When the page opens you’re looking for the “Host Name” which is something like “”. That’s the location of the server holding your database and you’ll need it later on. So make a note of it and let’s carry on.

The next step would be to actually have downloaded the Laconica software. A link to the latest version can usually be found on the site. Currently it is version 0.6.2 which was released November 18 of 2008.

Download it, extract the archive (the zip, tar, etc) and then open your favorite FTP client and transfer to your webserver (or copy it over via command line FTP). Don’t expect it to work just yet. You need to edit a couple files.

First, find the laconica_0.6.2/config.php.sample wherever you extracted the archive and drop the .sample part of it. Now open up config.php in whatever text editor you prefer and change the following lines:

$config['site']['name'] = 'Just another Laconica microblog';
$config['site']['server'] = '';
$config['site']['path'] = 'micro'; becomes whatever your URL is, but don’t include http:// or it’ll screw it up. Or do, and you’ll see for yourself. Also, change “micro” to the name of the directory that Laconica exists in on your server. If you just copied the extracted directory over then it may be called “laconica_0.6.2” but I renamed mine to “micro”.

I also changed

#$config['site']['logfile'] = '/tmp/laconica.log';


$config['site']['logfile'] = 'laconica.log';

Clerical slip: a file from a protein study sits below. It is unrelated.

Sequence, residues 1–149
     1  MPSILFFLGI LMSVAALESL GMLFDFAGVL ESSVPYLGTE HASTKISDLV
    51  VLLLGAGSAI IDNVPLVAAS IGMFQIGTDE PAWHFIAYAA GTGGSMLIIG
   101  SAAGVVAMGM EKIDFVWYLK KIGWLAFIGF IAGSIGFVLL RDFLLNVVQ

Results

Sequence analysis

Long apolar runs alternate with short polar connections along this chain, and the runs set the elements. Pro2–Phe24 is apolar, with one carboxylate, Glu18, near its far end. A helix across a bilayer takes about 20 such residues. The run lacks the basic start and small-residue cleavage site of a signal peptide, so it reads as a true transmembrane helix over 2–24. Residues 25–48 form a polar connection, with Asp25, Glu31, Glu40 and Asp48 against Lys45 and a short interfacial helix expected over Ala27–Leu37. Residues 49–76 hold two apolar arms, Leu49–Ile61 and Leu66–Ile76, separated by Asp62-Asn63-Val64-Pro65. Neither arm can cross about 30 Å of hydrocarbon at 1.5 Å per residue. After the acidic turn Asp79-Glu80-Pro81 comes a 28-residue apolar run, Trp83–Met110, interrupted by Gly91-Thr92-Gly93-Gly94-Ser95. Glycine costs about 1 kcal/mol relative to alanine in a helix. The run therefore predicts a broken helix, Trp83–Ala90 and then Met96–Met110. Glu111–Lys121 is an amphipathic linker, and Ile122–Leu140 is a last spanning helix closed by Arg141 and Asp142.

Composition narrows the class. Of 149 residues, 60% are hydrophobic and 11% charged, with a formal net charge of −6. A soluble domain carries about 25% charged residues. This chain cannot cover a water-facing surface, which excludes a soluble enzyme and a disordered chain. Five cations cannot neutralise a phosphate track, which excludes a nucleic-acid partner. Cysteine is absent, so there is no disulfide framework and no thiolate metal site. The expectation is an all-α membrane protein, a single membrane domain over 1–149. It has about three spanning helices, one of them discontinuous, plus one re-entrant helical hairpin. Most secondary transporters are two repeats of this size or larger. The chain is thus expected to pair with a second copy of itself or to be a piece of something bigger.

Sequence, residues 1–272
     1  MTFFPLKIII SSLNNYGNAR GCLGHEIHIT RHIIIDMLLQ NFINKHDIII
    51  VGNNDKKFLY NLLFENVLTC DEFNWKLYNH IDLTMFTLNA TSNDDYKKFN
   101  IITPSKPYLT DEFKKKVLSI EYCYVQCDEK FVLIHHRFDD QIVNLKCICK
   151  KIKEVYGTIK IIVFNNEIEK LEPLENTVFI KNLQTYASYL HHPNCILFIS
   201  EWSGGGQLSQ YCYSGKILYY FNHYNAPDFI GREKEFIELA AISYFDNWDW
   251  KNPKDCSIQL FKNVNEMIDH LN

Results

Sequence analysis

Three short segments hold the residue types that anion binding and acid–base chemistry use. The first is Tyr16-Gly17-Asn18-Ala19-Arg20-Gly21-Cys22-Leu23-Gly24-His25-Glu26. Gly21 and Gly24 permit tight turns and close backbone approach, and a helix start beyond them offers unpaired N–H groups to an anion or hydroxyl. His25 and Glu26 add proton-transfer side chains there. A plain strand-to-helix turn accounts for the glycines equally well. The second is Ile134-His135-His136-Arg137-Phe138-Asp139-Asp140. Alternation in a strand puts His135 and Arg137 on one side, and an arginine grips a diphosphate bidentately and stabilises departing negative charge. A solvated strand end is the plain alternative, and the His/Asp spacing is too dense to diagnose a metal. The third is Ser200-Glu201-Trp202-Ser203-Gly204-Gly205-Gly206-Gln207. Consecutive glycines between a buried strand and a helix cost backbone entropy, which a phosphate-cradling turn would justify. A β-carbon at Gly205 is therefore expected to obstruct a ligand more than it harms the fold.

because I am hoping that the log file will be printed to the site-root ( where I might be able to retrieve it some time, rather than the server’s /tmp/ directory where I cannot reach it. But that’s your call.

Last, but certainly not least, within the config.php file is the “db” configuration. Particular to working in a GoDaddy account, modify the following lines to suit your account.

$config['db']['database'] = 'mysql://DB_NAME:DB_PASSWORD@DB_LOCATION/DB_NAME';
$config['db']['ini_your_db_name'] = $config['db']['DB_NAME'].'/DB_NAME.ini';

Remember that with a GoDaddy account, the MySQL database username is the same as the database name. Thus “DB_NAME” is used for both. Change that to whatever you named your database. DB_LOCATION is that “” thing we noted earlier.

Additional note:


follows the format


That should cover the configuration, but there’s one more file we’ll need to change. Change the name of laconica_0.6.2/classes/laconica.ini to DB_NAME.ini (remember, DB_NAME is replaced with whatever you named your database). It should be noted that you may have to rename laconica.links.ini to DB_NAME.links.ini as well. I just haven’t played around long enough to know.

Another additional note:
Copy htaccess.sample and rename it to .htaccess
Within that file, change “RewriteBase /mublog/” to be “RewriteBase /micro/” where micro is the path to your laconica directory.

Now everything is set up for Laconica to work, all we need now is to import the database! That’s easy, too. Within the GoDaddy Hosting Contol Center, click “Open Manager” for your Laconica database and log in to the PHPMySQLAdmin interface. From the database drop down menu on the left, select the DB_NAME to bring up the database. Now on the right side of the screen click on the “import” tab.

The “Location of the text file” to import is the directory of the extracted Laconica archive/db/laconica.sql

Click “Go” at the bottom right of that screen and now you should be good to go with Laconica on your GoDaddy hosting account. And if it’s not GoDaddy then this was probably an easier task for you.

The best thing you can do for yourself to set up Laconica is to read the Laconica README.